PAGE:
Re-reading Shakespeare: Hamlet

(1) In his book On Shakespeare Northrop Frye talks a bit about problems and pseudo-problems in Hamlet. By pseudo-problems he basically means the kinds of thing that are open for debate but that you shouldn’t be worrying yourself about. However, he then goes on to say that “there’s no boundary in the play between the actual and the pseudo-problems” and that “there’s no other play in Shakespeare, which probably means no other play in the world, that raises so many questions of the ‘problem’ type.”

I’ve always had this warning running in the back of my head when thinking of problems I’ve had with Hamlet over the years. Am I only imagining pseudo-problems, or are they real?

Well, I think they’re real, if only because they’ve never gone away. Here are some examples:

First: why, in the opening scene, does Marcellus have to explain to Barnardo why he has brought Horatio along with him to see the Ghost? We’ve already been told that Barnardo was expecting Horatio and had already discussed the matter of the Ghost with him. So why does he need to be filled in again now? Of course, the short answer is that it’s a way of informing the audience about what’s going on, but this seems a really awkward way of doing it and Shakespeare usually isn’t awkward in his handling of such things.

Second: Before he takes his leave, Laertes makes a long speech to Ophelia warning her about Hamlet’s intentions and the gap in their respective stations. Then, right after he leaves, Polonius keeps after her on the same point. Why the repetition, especially when what’s being said doesn’t seem that well-grounded in the first place? Gertrude later says that she expected Hamlet to marry Ophelia, and apparently she was fine with that.

Third: why does Claudius get so upset at the action of the play-within-a-play when he’s just seen the dumbshow? He already knows what’s going to happen and how closely it mirrors his murder of Hamlet Senior. I’ve seen various explanations for his delayed reaction – that, for example, he tries to play it cool during the dumbshow, knowing what Hamlet is up to, but loses it as the story is fleshed out on stage – but I find such explanations unconvincing. The dumbshow serves no good purpose I can see, and only makes Claudius’s later guilt-ridden meltdown more confusing.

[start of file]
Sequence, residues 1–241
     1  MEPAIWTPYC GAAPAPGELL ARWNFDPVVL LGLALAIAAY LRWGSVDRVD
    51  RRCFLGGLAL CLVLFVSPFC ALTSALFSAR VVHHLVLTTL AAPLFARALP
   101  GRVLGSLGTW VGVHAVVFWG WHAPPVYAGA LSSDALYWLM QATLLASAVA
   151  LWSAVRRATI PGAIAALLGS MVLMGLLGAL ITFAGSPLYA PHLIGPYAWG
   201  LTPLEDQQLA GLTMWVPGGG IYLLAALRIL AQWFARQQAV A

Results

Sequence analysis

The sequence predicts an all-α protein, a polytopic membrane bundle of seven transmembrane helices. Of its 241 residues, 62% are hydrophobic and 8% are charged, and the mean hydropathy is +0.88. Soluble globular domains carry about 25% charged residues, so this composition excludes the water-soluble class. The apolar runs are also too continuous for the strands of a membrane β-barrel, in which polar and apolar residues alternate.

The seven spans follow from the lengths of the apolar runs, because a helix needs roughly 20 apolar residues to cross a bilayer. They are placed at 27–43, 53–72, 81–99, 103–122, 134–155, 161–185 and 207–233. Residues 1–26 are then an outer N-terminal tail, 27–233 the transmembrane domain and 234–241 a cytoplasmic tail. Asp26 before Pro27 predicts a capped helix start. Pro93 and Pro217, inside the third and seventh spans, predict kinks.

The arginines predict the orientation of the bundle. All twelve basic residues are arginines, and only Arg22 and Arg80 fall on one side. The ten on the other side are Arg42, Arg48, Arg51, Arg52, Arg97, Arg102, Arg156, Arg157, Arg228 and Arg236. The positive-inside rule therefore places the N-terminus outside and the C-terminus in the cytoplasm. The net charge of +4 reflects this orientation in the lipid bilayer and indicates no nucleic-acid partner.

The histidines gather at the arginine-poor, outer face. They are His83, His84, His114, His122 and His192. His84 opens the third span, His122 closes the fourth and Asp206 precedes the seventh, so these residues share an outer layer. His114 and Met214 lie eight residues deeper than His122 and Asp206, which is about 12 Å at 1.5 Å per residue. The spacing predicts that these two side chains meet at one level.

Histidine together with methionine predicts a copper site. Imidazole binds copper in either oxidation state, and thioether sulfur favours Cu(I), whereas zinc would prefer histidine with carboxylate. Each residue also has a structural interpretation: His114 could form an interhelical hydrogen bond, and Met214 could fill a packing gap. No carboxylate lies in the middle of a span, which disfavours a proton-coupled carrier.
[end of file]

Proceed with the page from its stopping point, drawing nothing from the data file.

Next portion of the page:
(2) Hamlet is a play that’s full of lines so well known that reading it seems like skimming through an anthology of famous quotations. But am I the only one who finds the whole “To be or not to be” speech flabby? Meanwhile, my favourite line in the play, for its sheer quotability, is one I don’t think I’ve ever heard anyone say outside of a theatre. It comes when Horatio sadly reflects on the fate of the court ass-kissers Rosencrantz and Guildenstern. They “go to’t” (meaning go to their deaths). Hamlet responds “Why, man, they did make love to this employment.” In other words, they were asking for it by taking on the job in the first place. I find I use this line a lot, as it has many everyday applications.

It’s weird how some lines become adopted into the cultural consciousness while others don’t. I mean, how many people really think about suicide the way Hamlet does? And yet “to be or not to be” lives on.

(3) Every time I read Hamlet I find myself struck by something new. In this latest re-reading here’s something that I smiled at. It comes when Polonius is warning Ophelia about Hamlet’s lovemaking:

The canker galls the infants of the spring
Too oft before their buttons be disclosed,
And in the morn and liquid dew of youth
Contagious blastments are most imminent.

The conceit being worked here is that Ophelia’s virginity is like a bud in the spring that a blight may kill. But those “contagious blastments” . . . I mean, given that the whole tenor of the passage is sexual I don’t think there’s any way he couldn’t have meant what in our day goes by a legion of pornographic euphemisms. It’s the money shot!

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